Top Ten Tuesday

Top Ten Tuesday is an original feature created by The Broke and the Bookish . The theme for this week is “Back To School Freebie”, which means anything “back to school” related  “10 favorite books I read in school”, books I think should be required reading… etc

I don’t think I can do 10 favourite books I read in school in English, as I went to school in Poland, and most of my favourite books I read at school are either badly translated, not translated, or untranslateable…  But I can pretend to be Bill Gates ( if you haven’t checked out his book blog at Gates Notes, please do – it’s a very interesting read) and be prescriptive about books everyone should read…

These are not my ‘favourite’ books – this book list would include a hell of a lot more Jane Austen if that were the case. I am trying rather, perhaps in an idealistic, George Eliot-like way, to find books that might help us with the understanding the world we live in a bit more.

This comes, however, with the great risk of seeming dull. This is a list of the ‘so-called’ classics, books that are often seen as required reading. But they are truly amazing books. Many (Books 1-6) are even quite short.  Don’t skip them.

Books that I think everyone should read:

  1. Hannah Arendt’s The Banality of Evilarendt-banality-of

I’ve only read it recently, but I think this book is amazing. Hannah Arendt’s exploration of evil (through the description of the trial of Nazi criminal Adolf Eichmann) is a harrowing and insightful read. It’s also quite short, so you haven’t got too much of an excuse.

2. Joseph Conrad The Heart of Darkness

heartofdarkness

Heart of Darkness describes a white European’s journey into the heart of Congo…  Francis Ford Coppola’s famous film Apocalypse Now is based on this book. Whatever you think of the whole Joseph Conrad/ Chinua Achebe debate (Achebe was a Nigerian writer who has accused Conrad of racism), you can’t really have an informed opinion unless you’ve read Joseph Conrad’s original book. To be reread and re-understood again and again.

 

3.William Shakespeare’s Hamlet

Hamlet

Err….

Yes, another book about the bleak aspects of existence. It’s also the only play on this list.  Yes, I know I should be ashamed of myself.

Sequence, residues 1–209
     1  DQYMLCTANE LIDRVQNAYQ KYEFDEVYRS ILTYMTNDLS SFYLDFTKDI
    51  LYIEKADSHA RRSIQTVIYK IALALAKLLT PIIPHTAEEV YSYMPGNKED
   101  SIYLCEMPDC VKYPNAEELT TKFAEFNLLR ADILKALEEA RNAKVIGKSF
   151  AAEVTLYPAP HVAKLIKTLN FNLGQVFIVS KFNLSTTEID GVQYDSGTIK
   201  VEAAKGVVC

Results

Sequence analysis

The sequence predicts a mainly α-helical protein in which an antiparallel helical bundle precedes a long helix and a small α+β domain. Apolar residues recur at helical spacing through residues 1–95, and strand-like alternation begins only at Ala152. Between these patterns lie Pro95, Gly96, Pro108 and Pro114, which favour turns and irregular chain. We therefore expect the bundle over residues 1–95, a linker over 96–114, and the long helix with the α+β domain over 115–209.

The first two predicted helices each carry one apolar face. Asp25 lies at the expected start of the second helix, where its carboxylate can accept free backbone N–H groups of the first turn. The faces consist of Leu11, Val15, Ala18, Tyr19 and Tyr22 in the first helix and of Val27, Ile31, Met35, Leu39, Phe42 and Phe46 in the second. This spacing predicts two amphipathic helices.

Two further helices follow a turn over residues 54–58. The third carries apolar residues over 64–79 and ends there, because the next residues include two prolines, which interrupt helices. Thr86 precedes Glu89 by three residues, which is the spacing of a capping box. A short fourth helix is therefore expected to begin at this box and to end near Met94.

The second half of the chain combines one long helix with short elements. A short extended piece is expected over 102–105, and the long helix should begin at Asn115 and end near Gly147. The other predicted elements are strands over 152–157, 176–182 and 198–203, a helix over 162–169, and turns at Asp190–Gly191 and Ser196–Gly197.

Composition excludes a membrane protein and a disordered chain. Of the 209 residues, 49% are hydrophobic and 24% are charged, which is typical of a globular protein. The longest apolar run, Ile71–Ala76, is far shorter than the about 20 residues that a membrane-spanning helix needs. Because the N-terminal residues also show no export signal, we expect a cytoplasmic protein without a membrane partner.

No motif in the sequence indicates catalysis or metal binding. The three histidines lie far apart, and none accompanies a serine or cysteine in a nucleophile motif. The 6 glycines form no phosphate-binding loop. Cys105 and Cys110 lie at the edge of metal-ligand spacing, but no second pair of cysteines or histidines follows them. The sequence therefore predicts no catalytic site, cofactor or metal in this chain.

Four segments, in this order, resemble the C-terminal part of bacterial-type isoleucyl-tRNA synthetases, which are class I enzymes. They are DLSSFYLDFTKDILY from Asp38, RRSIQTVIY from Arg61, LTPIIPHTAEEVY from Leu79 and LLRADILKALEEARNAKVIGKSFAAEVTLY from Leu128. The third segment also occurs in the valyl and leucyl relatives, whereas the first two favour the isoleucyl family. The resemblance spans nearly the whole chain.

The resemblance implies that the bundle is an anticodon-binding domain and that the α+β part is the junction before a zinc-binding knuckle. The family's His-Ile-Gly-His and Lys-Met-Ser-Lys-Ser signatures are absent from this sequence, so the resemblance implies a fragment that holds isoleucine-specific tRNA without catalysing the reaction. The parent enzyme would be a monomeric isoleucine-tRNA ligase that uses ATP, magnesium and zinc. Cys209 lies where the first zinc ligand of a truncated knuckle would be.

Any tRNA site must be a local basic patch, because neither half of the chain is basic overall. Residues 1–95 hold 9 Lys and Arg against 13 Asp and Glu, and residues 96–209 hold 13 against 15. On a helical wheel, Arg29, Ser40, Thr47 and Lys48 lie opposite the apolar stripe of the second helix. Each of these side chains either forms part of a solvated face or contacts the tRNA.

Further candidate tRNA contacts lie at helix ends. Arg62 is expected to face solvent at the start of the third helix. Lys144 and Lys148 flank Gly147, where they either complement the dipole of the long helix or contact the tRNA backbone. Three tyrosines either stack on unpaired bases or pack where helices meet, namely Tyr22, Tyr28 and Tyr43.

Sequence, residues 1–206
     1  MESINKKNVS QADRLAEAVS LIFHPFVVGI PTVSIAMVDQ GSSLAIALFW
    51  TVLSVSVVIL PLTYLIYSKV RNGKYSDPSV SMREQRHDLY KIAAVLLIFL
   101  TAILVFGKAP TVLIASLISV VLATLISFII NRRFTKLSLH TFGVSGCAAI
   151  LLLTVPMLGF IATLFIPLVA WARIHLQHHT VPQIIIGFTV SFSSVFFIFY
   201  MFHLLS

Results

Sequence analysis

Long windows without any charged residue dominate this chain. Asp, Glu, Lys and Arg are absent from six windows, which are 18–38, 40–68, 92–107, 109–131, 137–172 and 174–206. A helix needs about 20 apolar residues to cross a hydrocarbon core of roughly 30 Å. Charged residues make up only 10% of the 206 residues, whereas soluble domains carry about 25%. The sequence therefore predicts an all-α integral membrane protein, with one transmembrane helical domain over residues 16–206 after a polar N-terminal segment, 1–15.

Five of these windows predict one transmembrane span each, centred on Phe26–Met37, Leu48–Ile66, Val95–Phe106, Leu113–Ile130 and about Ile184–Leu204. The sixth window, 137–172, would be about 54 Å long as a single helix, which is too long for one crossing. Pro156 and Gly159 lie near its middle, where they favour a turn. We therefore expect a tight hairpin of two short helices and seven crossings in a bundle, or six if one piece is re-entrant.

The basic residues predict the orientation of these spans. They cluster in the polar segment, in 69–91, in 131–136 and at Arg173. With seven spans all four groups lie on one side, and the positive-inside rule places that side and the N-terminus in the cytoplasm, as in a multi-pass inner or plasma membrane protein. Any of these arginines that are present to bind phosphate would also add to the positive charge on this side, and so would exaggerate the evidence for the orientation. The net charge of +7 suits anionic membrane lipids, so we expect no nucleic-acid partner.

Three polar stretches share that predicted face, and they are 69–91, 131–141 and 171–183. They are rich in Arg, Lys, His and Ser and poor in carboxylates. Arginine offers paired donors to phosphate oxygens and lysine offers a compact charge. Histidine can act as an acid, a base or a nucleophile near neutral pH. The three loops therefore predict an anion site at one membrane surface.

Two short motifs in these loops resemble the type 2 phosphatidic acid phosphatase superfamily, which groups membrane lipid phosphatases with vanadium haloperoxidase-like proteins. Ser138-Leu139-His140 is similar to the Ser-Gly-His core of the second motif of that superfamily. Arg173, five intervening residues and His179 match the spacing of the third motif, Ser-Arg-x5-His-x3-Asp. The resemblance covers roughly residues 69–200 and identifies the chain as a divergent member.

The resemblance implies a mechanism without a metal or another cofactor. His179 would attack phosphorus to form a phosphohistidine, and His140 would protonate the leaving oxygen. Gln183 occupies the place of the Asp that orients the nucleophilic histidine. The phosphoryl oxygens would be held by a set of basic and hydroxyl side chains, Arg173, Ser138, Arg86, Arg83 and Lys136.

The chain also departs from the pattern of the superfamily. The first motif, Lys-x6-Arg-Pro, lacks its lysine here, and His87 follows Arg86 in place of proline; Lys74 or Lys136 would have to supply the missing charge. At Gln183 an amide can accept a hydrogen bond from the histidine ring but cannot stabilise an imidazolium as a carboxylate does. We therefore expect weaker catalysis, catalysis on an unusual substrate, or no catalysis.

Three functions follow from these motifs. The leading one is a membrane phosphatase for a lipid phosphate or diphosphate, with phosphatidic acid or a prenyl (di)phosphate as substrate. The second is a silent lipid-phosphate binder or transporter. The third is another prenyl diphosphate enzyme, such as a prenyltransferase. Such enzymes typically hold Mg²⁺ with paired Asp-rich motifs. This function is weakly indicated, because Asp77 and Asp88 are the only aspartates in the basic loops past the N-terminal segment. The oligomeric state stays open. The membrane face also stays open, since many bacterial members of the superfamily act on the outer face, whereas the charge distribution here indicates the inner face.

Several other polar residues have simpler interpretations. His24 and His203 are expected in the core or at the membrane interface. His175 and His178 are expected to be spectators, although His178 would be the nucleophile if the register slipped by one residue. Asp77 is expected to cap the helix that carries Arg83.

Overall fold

4.Emily Dickinson Selected Poems

Emily Dickinson

Because – if you haven’t read at least some of them yet, you are seriously missing out. Just go and read them now.

 

5. Plato’s Symposium

Symposium

Have you ever thought that you were searching for your other half? That metaphor comes from the Symposium. Have you ever thought that love can lead you to great deeds that you might not otherwise attempt? That idea is from the Symposium too.  Do you know where the phrase platonic love comes from? Just go and read it – all those love poems from the ancients to the 20th century will make a lot more sense.

It’s short and a very poetic read.

 

6. Albert Camus The Plague

la-peste

This is probably not a rational choice, but I really really loved that book and Dr. Rieux became a personal hero of mine. The story is that of a group of friends in Oran in Algeria struggling with an outbreak of the bubonic plague.

 

 

7. Toni Morrison’s Beloved

Beloved

A story of slavery and motherhood that rips your heart up into tiny little pieces.

8. Jane Austen’s Pride and Prejudice

pride and prejudice

Because everyone should know that you can be female, witty and a fantastic novel writer. Don’t just watch the film adaptations, READ IT.

9. Vladimir Nabokov Lectures on Literature 

Nabokov Lectures on Literature

If you are fond of reading as past-time – this is an unmissable book. Nabokov tells you exactly what habits a good reader should have and which practices to avoid. His list of lectures also gives you a pretty good idea of books you should read. Don’t miss this.  A little- known gem.

 

10. James Joyce The Portrait of the Artist as a Young Man

Aportraitoftheartist

I know many people say that everyone should read Ulysses, but perhaps it would be best for people to attempt to walk before they attempt to run a marathon. An incredible book about a young man’s adulthood in Ireland, which redefines the limits of novel writing.

 

What do you think of my list? Which titles would you add?

 

8 thoughts on “Top Ten Tuesday

  1. I’m so relieved to have read a few of theses (whew)! I completely agree about Portrait of the Artist as a Young Man. I read it as an undergrad and was dreading it because I had assumed it would be difficult, but nope! It is so engaging and highly readable.

    I need to read Beloved — I’ve never read any of her books but have been meaning to for ages. And I’ll read anything by Nabokov, Lolita is an incredible book that so many people steer clear of.

    Liked by 1 person

  2. I haven’t read any of those!! 😀
    I read ‘Lolita’ by Nabokov and I think that turned me off so I think I won’t check out other books by him haha
    My favourite Shakespeare is ‘MacBeth’, without a doubt. Love it! Some of his poems are nice as well, but we analyzed them so often at school and uni, I am tired of them now.

    Liked by 1 person

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